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posted September 6, 2006


But the project has gotten a bit bogged down in the zealous application of rules by the City, such as this fence.

Photo by Joe Adelaars.

In the past few years there has been a new stage in the life of the park – the stage of testing whether the things that work well at the park should be banned because they might not conform to regulations or bylaws.

The zamboni crisis at the rink in 2004 was the beginning. That winter, multipurpose use of the rink house was briefly declared a health and safety infraction.

Last June, 2005, a playground user expressed great unhappiness about the possible illegality of building the cob courtyard, but by then there were too many people engaged in the project to bring it to a halt.

In July 2005 there was an anonymous complaint about people making their own pizzas at the wood oven, resulting in an order for staff to make all pizzas inside the building and rush them out to the oven. That order was quickly found to be unnecessary and rescinded.

In August 2005 there was an anonymous complaint about the farmers’ vehicles being parked at the market, but after a by-law officer told all the farmers that he would write them each $105 tickets if they returned the following week, an official permit was created. The farmers were able to continue bringing their food as before.

In November 2005 there was a large meeting at St.Mary’s High School to address the absence of a formal advisory council at the park, but the meeting participants were able to convey their confidence in a park with good staff but without a formal community meeting structure. [see results].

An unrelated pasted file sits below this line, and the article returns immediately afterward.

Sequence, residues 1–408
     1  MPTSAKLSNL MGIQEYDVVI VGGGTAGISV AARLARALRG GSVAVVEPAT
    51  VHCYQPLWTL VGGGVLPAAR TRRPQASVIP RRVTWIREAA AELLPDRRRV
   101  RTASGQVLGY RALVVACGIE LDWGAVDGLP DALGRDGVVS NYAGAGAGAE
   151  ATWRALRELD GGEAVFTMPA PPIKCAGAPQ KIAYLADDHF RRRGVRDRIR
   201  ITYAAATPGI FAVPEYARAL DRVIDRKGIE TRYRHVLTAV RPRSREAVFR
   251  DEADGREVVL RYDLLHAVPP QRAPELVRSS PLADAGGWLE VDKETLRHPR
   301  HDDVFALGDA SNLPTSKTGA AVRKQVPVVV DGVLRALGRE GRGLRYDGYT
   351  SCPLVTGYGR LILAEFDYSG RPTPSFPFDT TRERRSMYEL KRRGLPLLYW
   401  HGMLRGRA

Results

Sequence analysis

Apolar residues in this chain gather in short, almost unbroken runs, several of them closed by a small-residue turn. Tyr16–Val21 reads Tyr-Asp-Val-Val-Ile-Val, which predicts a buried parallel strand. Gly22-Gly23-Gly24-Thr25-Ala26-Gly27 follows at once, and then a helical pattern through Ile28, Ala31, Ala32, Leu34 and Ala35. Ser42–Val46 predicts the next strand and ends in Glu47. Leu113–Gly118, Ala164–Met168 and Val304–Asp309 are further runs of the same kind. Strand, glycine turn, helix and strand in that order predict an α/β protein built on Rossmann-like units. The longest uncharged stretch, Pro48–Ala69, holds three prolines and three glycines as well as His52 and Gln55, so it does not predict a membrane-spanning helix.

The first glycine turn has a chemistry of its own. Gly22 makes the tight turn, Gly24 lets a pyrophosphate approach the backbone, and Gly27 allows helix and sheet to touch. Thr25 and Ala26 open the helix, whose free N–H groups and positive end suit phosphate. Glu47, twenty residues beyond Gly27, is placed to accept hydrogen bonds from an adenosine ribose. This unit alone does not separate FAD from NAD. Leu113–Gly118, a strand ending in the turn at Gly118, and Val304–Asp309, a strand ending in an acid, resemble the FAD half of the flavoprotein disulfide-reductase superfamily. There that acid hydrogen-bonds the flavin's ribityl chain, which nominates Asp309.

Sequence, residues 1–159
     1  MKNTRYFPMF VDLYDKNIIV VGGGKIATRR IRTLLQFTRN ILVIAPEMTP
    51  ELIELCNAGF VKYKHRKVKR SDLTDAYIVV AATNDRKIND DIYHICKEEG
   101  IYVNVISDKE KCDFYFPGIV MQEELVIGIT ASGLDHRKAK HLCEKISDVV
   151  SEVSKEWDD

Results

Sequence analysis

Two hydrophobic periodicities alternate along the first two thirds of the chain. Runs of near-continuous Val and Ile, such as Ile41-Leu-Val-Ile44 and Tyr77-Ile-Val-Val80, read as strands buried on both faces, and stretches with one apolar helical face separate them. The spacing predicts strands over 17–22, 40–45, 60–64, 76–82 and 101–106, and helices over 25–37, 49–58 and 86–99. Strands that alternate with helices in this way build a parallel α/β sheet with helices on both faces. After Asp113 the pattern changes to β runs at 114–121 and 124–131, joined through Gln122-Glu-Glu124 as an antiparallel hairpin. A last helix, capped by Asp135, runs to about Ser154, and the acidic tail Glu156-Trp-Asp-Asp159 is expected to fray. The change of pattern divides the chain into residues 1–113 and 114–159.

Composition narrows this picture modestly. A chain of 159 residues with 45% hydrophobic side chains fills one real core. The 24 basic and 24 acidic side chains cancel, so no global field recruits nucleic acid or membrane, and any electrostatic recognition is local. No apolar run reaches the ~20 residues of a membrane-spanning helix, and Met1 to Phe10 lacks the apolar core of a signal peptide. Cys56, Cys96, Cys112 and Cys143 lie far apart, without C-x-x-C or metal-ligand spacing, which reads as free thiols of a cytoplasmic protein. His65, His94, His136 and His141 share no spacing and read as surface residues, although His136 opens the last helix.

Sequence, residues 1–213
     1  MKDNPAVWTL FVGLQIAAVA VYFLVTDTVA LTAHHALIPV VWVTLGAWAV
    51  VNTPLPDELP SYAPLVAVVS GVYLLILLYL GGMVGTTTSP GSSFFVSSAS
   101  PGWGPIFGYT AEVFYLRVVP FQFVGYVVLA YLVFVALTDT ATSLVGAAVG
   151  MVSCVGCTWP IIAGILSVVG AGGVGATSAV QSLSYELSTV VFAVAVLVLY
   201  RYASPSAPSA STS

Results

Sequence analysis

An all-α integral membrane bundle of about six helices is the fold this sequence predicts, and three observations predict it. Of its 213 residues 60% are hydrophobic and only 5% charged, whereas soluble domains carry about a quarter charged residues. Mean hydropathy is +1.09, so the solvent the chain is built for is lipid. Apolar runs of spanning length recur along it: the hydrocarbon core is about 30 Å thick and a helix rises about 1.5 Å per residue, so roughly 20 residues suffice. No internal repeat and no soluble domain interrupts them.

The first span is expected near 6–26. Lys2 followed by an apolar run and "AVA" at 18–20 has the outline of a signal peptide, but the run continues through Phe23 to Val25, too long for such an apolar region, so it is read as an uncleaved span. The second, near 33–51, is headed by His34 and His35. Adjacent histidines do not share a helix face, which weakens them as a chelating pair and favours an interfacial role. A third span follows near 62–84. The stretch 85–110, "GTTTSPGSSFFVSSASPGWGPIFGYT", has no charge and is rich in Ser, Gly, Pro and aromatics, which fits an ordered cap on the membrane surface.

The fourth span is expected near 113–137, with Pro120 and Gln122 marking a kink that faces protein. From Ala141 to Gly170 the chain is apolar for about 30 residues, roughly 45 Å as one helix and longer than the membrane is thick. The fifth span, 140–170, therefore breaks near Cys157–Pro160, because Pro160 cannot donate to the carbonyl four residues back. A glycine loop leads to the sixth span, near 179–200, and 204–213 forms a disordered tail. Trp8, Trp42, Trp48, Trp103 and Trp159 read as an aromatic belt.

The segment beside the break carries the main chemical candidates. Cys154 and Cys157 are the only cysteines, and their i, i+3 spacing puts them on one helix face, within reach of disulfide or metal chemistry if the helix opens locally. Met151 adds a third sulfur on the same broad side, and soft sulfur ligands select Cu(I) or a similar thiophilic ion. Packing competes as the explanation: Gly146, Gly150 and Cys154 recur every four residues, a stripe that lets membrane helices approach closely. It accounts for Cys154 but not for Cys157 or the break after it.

In February 2006 a serious standoff developed between City rinks zamboni drivers and on-site staff/rink friends, relating to our local practice of cleaning the ice one rink at a time and letting skaters continue to skate on the other rink. That issue – presented as a health-and-safety issue for the zamboni drivers – will hopefully be solved this year with the long-awaited construction of a little external paved path that allows the zamboni to travel between our two rinks without using the internal gate, therefore not requiring a guard at the gate.

Six foot high fence erected around the toilet project

In July-August 2006, complaints to the highest levels of City management, by three neighbourhood activists, led to repeated stop-work periods for the community-built addition of a composting toilet with a sculptural cob-surround, near the playground area. The worry about possible regulatory infractions made Parks management erect a six-foot-high fence to keep kids away from this project completely. A public meeting turned up no complainants willing to speak to the meeting, but a lot of ideas for how to make the project work. Parks management listened, and added input of their own, and the next day cob master-builder Georgie Donais found out that the hurdles had been crossed and the project could go ahead as planned.

This neighborhood is full of musicians: does anyone feel inspired to write a song for the park, called the “Regulation Blues”? It could have broad appeal beyond the park too, maybe become as big a hit as “Little Boxes” was in its day.

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